Registering for next semester’s classes can be a tough task for some and a walk in the park for others. Some seniors are simply following the schedule they’ve had laid out since freshman year, while others are frantically filling up their schedule and time to get that one required class to graduate.
For freshman with a semester already under their belt, registering could be welcomed adjustment to an overly packed schedule or a different path of study. It could also be a reality check to see what impact not showing up for class can have on grades.
No matter where you’re standing in your classes or what the question or problems you have, advisers cannot emphasize enough importance of stopping by to talk over your academic life.
Most believe the main service advisers offer is to help filling next semester’s schedule during Advising Week.
“But I don’t (think) that’s the main reason for advisers,” said Kevin McCaul, senior adviser of around 150 first- and second-year psychology students. “We’re here to help provide alternatives for students so they can finish their career here at NDSU with the best set of skills they can have.”
McCaul takes a holistic approach to his usual advising session, with the first few minutes devoted to what is going well with school and life to start on a positive note. He then moves on to struggles in specific classes and what can be done to fix the problems.
“From there, I’ll ask what are you thinking about doing this next spring semester,” McCaul said. “We work together on a schedule, but we have to also think long term, like what do you want to be when you grow up.”
One advantage McCaul believes he has working with students relatively new to NDSU and the psychology program is that he can work with them early to find what they truly want to study or how they want to get to a future career path.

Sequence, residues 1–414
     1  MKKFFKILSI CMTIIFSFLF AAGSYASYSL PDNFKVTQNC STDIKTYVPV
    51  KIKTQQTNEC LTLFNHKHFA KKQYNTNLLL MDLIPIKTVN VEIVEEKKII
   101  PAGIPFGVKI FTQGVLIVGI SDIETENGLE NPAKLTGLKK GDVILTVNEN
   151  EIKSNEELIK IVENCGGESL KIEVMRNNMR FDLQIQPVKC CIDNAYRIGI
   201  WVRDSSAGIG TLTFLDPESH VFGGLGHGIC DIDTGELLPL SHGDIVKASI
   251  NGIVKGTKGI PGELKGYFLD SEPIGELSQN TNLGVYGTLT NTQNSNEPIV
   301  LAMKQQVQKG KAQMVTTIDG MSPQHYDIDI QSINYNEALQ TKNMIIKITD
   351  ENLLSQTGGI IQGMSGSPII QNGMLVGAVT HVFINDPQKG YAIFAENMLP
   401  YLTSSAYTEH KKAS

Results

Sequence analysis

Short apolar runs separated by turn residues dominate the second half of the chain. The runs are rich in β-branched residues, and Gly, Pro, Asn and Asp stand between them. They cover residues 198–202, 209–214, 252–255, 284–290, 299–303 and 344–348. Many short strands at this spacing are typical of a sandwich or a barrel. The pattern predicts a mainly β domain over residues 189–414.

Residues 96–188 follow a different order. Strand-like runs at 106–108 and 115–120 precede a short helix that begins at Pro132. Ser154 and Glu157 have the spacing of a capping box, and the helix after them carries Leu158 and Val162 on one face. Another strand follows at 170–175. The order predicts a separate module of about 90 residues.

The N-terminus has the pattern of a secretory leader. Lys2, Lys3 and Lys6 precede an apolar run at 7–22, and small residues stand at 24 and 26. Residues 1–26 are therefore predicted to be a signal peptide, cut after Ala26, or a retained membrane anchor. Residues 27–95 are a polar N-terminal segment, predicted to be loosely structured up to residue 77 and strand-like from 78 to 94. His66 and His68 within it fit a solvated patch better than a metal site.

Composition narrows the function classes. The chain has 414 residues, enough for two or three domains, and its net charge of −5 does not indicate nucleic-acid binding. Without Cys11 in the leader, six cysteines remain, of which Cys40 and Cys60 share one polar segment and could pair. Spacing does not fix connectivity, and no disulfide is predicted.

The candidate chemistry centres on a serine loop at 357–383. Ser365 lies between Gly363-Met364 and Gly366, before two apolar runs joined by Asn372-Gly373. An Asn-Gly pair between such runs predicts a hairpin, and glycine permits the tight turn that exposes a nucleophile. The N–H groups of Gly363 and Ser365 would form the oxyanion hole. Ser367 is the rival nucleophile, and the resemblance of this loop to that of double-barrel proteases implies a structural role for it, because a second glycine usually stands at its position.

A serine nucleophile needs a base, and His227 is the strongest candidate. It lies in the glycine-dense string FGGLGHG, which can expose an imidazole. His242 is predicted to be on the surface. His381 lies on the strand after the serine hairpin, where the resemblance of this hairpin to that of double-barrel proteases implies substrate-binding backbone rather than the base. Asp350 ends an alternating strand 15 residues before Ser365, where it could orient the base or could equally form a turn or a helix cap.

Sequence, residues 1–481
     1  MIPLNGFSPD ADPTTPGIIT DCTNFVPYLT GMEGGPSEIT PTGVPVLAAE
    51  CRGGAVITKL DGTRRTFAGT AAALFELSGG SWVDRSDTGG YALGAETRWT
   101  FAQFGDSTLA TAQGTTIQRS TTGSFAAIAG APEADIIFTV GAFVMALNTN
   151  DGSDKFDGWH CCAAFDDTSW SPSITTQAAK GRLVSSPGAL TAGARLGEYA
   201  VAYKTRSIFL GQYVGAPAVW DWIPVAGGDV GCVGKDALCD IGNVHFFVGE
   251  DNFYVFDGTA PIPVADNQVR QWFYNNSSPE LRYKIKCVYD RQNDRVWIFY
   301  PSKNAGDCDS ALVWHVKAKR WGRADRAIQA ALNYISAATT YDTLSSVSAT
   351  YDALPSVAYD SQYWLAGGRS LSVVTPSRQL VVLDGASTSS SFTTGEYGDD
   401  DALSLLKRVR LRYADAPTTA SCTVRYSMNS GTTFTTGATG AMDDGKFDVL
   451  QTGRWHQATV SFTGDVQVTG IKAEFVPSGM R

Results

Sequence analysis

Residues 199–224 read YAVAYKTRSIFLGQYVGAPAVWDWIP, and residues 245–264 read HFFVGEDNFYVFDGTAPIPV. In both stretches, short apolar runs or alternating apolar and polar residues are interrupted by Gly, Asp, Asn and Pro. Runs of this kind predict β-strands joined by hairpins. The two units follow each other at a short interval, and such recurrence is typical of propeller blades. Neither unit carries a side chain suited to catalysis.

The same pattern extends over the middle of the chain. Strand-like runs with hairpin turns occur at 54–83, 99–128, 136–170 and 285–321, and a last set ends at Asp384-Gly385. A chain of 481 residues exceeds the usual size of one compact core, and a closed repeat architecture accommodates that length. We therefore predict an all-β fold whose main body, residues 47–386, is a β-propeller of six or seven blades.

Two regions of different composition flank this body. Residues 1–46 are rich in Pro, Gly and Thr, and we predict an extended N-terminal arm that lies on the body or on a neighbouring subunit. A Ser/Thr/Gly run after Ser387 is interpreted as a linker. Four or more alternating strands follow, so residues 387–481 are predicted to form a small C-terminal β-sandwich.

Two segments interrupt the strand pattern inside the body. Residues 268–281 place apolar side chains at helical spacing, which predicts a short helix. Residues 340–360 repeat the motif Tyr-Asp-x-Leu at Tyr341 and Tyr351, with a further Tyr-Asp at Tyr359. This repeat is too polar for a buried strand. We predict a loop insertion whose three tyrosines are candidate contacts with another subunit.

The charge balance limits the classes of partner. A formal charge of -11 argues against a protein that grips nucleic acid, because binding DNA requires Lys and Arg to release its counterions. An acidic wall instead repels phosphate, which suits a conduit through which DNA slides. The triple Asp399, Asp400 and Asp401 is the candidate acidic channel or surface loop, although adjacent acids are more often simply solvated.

“We’re giving them opportunities to explore their options and find what their passion is,” he said. “I can talk about a minor or a double major or things outside of classes that can be important like a research position or an internship.”
McCaul said about half of his advisees actually stop by to talk, and another 25 percent communicate their schedule over email. He wishes that the last quarter of students that don’t reach out for help would because advisers have the time — or make the time — for their advisees to talk.
Since his primary job is to advise students, McCaul has a larger pool of advisees, but for advisers for upper-level students, such as Psychology Associate Professor Ben Balas, they have a select few of only 10-15 students.
Balas said he brings more focus on making the next step to graduate school.
“Most upper-level students have questions about the grad school system and what makes a strong application,” he said. “We’ve been through the process ourselves and helped many students develop their plans for graduate school, so they should always consider talking with their advisor.”
“We advise, you decide,” McCaul said. “We give advice that can guide students onto the right path, but ultimately, it’s up to the student to take the advice and follow through with it.”